- [Summer] A hat to keep off the sun might be a good idea – don’t feel funny when there is a public announcement telling you to wear one, because the sun is so intense ;-)
- [Winter] For winter you will need a couple of more jumpers, a warm hat and some gloves; A winter coat is also a good idea.
Almost all hotels offer laundry services (mostly a bit expensive). But you will also self-service laundry shops all over the country, usually around Onsen. Which is quite a convenient way to do it, as you can soak away in a hot tub, while the washing machine does its job. Some Ryokans and hostels also offer them. Coin Laundry ( コインランドリー ) is what you would be searching for.
Note: There is usually a dress-code for high-end restaurants. So, even in summer, you will need at least one pair of long pants. That being said, Japan has more Michelin-stared restaurants than France, so you really should consider getting to know that side of the country as well.
The best shoes for Japan
No matter if you are exploring the beauty of Kyoto (make sure to read my guide) or go shopping in Tokyo, you will be walking a lot. Then there are some amazing hikes in Japan, and of course also amazing dining options. So, here is what I recommend:
- One pair of very comfortable walking shoes good for a day on the road or a light hike. (I absolutely love the Adidas Terrex Swift as they are also super light and easy to slip in click here for the female version) They are my go-to shoes for Japan.
- Another comfortable pair of sneakers (for the cities, shopping, etc)
- [Optional] Dress shoes, in case you plan to a good restaurant
- [In Summer] A pair of sandals (you are comfortable walking with all day, so no flip-flops). I can recommend these Teva sandals | women’s version)
- [In winter] It’s a rare day when it snows in central Japan, so big winter boots are not needed. But something to keep you warm is a good idea.
Slippers were supplied at all the onsen (hot springs) I ever went, so that is nothing you need to bring, except you plan to go to the beach.
Important note: You will have to slip off your shoes quite often. Temples, Ryokans, and some restaurants require you to remove your shoes. Which is why I recommended the Adidas Terrex Swift as they got a quick lacing system.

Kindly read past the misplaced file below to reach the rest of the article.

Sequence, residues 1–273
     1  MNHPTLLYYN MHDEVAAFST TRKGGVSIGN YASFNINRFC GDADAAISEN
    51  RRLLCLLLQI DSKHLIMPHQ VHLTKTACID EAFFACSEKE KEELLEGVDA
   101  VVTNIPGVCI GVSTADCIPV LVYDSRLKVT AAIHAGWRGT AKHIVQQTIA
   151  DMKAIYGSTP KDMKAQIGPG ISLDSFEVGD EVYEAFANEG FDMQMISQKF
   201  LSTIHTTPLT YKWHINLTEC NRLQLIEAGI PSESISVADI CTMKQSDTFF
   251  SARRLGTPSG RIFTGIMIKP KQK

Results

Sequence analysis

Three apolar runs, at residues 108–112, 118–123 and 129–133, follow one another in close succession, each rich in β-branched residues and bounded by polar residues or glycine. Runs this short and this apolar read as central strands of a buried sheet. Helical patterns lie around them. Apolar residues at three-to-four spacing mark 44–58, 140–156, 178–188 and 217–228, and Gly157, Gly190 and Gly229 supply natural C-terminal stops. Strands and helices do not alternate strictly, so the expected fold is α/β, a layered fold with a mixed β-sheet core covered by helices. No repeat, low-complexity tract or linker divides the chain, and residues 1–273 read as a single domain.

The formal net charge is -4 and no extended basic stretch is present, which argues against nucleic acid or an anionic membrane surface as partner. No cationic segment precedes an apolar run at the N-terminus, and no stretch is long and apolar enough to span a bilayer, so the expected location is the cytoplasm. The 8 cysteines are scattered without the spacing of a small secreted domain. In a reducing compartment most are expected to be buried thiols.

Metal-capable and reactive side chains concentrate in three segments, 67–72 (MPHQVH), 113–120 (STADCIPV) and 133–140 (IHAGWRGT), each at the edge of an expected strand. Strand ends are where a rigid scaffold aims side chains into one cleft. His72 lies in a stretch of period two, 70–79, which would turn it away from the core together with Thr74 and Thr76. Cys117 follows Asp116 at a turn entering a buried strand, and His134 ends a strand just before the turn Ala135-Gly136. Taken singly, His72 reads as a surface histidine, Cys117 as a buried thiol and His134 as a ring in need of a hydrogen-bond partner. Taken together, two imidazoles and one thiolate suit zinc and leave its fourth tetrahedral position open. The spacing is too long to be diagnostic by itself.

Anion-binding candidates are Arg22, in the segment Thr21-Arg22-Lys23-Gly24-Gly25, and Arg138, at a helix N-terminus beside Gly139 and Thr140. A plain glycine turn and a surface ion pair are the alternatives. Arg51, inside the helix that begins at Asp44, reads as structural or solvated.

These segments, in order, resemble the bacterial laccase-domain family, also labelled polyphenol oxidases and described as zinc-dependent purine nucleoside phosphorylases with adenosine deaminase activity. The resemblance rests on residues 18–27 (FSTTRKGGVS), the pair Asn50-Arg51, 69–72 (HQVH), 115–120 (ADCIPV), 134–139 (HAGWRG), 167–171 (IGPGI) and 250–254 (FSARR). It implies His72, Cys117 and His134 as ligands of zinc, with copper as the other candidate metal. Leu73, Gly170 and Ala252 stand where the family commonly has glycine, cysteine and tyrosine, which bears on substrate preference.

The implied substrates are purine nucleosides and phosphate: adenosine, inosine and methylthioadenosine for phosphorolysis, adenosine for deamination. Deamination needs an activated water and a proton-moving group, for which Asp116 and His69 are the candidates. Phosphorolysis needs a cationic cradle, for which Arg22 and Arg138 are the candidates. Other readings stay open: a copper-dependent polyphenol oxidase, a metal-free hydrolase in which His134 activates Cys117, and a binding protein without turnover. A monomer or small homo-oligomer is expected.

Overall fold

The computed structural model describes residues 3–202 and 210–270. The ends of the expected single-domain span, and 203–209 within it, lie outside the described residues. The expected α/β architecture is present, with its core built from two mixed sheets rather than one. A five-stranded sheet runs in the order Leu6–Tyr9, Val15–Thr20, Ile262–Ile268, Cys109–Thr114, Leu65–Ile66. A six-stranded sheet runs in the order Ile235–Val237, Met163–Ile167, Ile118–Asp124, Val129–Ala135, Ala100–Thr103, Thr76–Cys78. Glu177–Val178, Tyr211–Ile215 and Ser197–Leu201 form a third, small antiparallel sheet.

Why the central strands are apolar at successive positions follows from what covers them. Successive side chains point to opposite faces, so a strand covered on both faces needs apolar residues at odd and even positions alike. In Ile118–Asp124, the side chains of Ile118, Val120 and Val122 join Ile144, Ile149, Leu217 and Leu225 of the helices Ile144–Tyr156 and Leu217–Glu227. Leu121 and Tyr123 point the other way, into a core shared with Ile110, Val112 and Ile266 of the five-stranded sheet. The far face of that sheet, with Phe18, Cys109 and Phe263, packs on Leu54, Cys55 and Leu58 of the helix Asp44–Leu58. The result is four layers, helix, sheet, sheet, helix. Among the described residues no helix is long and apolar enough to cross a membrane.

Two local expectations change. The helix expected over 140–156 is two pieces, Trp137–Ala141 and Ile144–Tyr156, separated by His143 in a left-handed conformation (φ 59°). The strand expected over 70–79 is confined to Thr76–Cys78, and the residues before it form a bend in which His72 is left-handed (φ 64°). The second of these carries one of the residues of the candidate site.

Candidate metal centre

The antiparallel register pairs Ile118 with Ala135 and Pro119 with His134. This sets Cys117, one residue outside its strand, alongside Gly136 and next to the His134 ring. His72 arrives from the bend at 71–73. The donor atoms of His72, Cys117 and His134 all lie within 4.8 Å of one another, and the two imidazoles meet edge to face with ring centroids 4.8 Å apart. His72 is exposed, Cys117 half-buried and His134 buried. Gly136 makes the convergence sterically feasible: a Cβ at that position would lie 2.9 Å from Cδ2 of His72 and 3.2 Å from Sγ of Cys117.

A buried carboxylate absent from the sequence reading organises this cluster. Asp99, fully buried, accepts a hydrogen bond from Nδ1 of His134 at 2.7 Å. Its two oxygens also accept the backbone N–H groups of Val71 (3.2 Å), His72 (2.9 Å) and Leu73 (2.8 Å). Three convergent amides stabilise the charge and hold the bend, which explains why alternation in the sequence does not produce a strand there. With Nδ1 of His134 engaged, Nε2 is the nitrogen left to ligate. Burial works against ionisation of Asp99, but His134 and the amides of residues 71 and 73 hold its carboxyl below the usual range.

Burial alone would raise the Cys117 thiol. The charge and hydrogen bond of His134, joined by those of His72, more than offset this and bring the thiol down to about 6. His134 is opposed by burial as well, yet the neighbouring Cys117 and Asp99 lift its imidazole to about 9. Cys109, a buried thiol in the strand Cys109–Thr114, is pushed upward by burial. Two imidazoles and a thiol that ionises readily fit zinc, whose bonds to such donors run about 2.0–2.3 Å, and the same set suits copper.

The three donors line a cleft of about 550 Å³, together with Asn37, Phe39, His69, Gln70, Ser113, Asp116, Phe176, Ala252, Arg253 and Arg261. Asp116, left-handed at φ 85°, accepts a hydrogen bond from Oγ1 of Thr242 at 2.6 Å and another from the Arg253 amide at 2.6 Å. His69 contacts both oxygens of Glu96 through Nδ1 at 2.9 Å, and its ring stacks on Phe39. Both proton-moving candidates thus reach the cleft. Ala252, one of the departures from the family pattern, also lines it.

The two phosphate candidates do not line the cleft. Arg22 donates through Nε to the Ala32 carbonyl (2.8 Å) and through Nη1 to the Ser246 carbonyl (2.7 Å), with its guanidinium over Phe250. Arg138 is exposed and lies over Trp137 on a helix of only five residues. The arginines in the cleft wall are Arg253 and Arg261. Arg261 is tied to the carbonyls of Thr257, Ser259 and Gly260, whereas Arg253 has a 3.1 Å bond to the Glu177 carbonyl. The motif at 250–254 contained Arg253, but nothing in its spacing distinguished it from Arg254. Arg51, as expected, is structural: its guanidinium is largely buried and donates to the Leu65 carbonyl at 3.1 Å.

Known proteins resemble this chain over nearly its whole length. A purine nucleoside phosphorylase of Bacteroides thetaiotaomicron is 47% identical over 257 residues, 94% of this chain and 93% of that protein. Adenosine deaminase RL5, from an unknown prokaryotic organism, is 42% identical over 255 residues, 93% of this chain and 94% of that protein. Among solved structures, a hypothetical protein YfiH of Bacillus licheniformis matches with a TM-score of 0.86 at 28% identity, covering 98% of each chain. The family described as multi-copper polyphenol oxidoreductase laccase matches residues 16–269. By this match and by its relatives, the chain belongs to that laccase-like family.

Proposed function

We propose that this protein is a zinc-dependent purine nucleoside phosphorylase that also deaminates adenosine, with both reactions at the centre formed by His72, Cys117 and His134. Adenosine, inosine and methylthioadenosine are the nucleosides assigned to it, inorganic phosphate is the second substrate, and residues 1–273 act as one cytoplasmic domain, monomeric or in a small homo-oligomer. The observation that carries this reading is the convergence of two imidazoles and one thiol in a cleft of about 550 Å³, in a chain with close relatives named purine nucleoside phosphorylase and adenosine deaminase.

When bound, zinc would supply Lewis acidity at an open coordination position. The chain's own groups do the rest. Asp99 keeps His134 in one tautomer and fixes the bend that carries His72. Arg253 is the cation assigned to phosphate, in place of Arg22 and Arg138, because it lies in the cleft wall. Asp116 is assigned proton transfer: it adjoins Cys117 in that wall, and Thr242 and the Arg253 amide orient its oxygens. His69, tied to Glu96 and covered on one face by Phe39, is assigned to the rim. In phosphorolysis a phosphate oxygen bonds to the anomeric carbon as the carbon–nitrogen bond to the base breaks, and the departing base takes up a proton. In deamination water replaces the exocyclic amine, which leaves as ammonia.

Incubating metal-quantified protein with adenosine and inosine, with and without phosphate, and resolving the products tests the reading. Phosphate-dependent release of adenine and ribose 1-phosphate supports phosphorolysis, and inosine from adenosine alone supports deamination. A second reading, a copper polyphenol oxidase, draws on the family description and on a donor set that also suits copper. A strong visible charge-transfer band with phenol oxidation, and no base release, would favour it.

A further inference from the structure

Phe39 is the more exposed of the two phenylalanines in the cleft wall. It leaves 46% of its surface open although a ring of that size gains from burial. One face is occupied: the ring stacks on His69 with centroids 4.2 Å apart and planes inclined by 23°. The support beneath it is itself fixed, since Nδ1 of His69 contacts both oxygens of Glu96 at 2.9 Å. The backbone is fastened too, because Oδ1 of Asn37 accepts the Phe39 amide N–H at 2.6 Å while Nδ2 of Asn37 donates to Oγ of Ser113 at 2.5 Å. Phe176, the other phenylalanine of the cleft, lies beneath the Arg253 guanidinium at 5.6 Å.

Toiletries for Japan
So, here is the deal. Unlike in most western hotels, standard Japanese hotels usually provide you with all the amenities you could possibly need. It’s not just body lotion and conditioner, but usually also combs, single-use shavers & shaving foam, emery boards, and even moisturizer (if you are traveling on a budget, be aware that hostels and cheap hotels usually don’t offer these amenities).
About the only toiletries you really need to bring is an antiperspirant. As the Japanese are about the cleanest and health-conscious nation on earth, you might want to get a sanitizing gel for street food (though public toilets usually have an auto-clean function after each usage). Tampons and sanitary pads are something you might have to pack for Japan as well.
As you will be walking a lot, consider bringing some blister plasters ( I swear by Compeed)
Note: Japanese are quite sensitive about heavy perfumes. In some Michelin-stared restaurants, it’s even forbidden. So, bring something very light, but use it sparingly. You ask why? Well, the flavors are very subtle and too strong a smell would spoil them.
Important Note: The Japanese customs are very strict when it comes to importing even relatively common drugs. If there is any regular medication you need, please check out the website of the Ministry of Health before!
Other things to pack for Japan
One thing you should definitely pack is a Japan travel guide. I wrote a detailed guide to the best Japan travel books here. When in doubt, the Lonely Planet Discover Japan will get you very far!
Tipping is frowned upon in Japan. Never do it, unless you want to insult somebody (it’s a bit like saying: Your service was inadequate, here’s some money to make it better next time). If you want to show some gratitude for a service (say a guide) or you are visiting locals/friends, then bring a gift that is special to your hometown. Maple syrup or a nice Whiskey would be well received. Prestigious sweets from world-renowned shops are also very popular (think Harrod’s, Mitsukoshi, Matsuya).
As it rains a lot in Japan, you might want to bring a light travel umbrella, though cheap umbrellas are for sale in most tourists regions as soon as it starts to rain.
Again, you will be moving around a lot, so a nice day pack is probably something you will want to bring. As vending machines are a BIG thing in Japan, you don’t really need to worry about bringing canteens and so on. As tap water is safe to drink it is a viable option, though.
Japan travel checklist
Last but not least, you should bring all the travel essentials for your upcoming trip to Japan. Here’s a little checklist
- Passport and visa (though most countries don’t need one)
- Print outs of your hotel bookings
- Important: Japanese address of your hotels (without it the taxi driver will probably not find it!!!)
- Digital copies of your most important documents in case something gets lost.
- Important: Bring some cash. While a credit card will get you quite far in Japan, there’s a lot of amazing street food and so many beautiful temples where they only accept cash.
- Remember to bring your Japan Rail Pass (if you got one) or other cards for public transport (like ICOCA in Kyoto)
- Make sure you stocked your carry-on for the international flight. Here are some essential tips for you on how you can survive long haul flights like a pro.
- [Optional] Travel insurance: Japan is a very safe country and the chances are rather low something goes wrong. I wouldn’t say it’s a necessity, but it sure makes sense if you travel a lot.
I would also like to point out, that there are plenty of things to do in Japan that require pre-registration. If you are planning to see a Sumo wrestling match, or see the Imperial Palace in Tokyo, or eat at a Michelin-starred restaurant, or you want to see a Geisha, then will not be able to do so without arranging for tickets, etc weeks in advance. Don’t forget to bring your vouchers/details in this case!
- The 20 best things to do in Tokyo
- Why you need to visit Miyajima
- The 20 best things to do in Kyoto
- Everything you need to plan your visit to Okinawa